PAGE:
The nations also set a bilateral trade target of $15 billion by 2015 during Canadian Prime Minister Stephen Harper’s visit to India, which came after bilateral negotiators overcame a deadlock since 2010 over monitoring of the nuclear exports.
Canada banned the trade of nuclear materials with India in 1976 after India used Canadian nuclear technology to build its first atomic bomb in 1974.
“The conclusion of the administrative arrangement with India will facilitate opportunities for Canadian companies to play a greater role in meeting India’s growing energy needs,” Harper said in a written statement, news agencies reported.
“It is expected to generate millions of dollars in new business contacts between our countries and to create high-quality new jobs here at home,” he said.
Though the deal was agreed on two years ago by Singh and Harper in Toronto, it was delayed due to differences between the nations over supervision of the use of Canadian nuclear supplies.
India is planning to set up around 30 nuclear facilities to meet its growing energy needs and aims to get a quarter of its electricity from nuclear plants by 2050.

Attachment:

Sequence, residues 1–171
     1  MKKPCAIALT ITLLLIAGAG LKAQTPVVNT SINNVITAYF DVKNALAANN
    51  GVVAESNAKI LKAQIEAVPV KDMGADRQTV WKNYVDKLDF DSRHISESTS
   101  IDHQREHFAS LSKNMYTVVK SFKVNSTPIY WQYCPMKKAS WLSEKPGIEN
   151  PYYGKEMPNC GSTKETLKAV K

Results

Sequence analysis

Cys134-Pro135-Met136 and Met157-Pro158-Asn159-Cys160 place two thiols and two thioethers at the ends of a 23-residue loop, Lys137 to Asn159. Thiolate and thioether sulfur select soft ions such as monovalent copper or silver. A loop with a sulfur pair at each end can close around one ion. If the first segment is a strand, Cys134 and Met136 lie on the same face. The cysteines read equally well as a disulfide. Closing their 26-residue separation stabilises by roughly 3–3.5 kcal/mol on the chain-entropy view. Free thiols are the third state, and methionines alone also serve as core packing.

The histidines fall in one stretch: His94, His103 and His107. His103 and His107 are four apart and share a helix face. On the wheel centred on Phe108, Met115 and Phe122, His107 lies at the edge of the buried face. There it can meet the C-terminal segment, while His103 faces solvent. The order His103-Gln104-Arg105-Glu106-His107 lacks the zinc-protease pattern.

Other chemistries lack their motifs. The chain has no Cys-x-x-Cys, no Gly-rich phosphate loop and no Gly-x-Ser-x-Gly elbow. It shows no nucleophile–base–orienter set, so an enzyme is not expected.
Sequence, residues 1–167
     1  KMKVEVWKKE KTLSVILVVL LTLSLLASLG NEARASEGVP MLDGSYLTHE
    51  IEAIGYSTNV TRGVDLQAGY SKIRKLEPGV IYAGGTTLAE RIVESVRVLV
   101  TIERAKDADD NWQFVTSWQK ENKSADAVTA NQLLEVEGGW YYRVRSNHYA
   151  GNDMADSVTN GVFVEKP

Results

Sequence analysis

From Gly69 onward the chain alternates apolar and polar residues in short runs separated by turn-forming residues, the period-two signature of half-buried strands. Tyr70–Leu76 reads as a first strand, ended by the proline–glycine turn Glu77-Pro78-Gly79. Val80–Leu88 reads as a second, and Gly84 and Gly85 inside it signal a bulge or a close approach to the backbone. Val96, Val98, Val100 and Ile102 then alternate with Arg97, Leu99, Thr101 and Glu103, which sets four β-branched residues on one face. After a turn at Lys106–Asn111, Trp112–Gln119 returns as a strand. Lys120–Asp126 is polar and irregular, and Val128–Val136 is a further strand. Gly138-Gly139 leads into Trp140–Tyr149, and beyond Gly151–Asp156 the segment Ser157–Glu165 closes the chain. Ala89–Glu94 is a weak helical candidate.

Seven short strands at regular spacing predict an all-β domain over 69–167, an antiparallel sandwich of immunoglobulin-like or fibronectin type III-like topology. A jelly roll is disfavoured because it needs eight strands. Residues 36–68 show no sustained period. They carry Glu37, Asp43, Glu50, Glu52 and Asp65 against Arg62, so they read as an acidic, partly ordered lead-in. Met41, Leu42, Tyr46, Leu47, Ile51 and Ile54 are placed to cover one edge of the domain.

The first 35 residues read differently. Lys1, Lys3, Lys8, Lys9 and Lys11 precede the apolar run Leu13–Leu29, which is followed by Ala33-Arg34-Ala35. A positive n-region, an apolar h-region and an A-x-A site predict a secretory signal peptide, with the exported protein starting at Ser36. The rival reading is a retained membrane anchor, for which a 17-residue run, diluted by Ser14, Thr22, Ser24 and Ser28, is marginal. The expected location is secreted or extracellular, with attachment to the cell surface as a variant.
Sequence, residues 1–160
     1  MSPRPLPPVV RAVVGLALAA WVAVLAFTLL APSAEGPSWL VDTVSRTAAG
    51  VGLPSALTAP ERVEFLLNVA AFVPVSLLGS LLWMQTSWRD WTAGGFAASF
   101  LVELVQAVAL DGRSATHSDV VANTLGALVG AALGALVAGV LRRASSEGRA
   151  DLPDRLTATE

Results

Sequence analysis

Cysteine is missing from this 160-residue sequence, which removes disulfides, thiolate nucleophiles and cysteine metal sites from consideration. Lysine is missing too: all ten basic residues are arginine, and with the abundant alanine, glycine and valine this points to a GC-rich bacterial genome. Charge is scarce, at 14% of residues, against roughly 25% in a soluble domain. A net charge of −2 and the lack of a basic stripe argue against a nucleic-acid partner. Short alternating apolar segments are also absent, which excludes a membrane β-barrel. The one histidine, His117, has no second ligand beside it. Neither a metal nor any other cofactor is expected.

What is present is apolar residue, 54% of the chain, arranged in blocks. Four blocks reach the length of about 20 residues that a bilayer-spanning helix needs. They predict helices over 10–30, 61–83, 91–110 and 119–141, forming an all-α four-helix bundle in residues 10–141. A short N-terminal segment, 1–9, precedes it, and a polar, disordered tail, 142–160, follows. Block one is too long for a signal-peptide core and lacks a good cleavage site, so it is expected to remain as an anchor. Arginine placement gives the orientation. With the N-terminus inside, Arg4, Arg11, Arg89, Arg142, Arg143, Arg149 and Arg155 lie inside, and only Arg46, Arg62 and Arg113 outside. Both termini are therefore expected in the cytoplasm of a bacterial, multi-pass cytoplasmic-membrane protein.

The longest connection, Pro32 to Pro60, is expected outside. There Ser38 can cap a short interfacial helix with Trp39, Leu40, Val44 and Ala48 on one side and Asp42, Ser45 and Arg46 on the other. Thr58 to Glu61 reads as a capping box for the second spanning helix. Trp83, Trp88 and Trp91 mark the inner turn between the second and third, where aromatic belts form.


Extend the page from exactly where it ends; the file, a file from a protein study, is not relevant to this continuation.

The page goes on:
"The governments of Canada and India will take the necessary steps to bring the Nuclear Cooperation Agreement into force in a timely manner," Singh and Harper said in a joint statement without specifying a time table.
The deal marks the end of decades of awkward diplomatic ties between New Delhi and Ottawa after India became the first nation outside five permanent members of the U.N. Security Council to conduct a confirmed nuclear test in 1974 using plutonium created at a reactor supplied by Canada.
Though India has not signed the nuclear Non-Proliferation Treaty (NPT), New Delhi won an exemption in 2008 from the Nuclear Suppliers Group (NSG) for trading of nuclear supplies and technologies with other nations.
India has trade agreements on nuclear trade with the U.S., France and Russia, while negotiations with Australia are ongoing.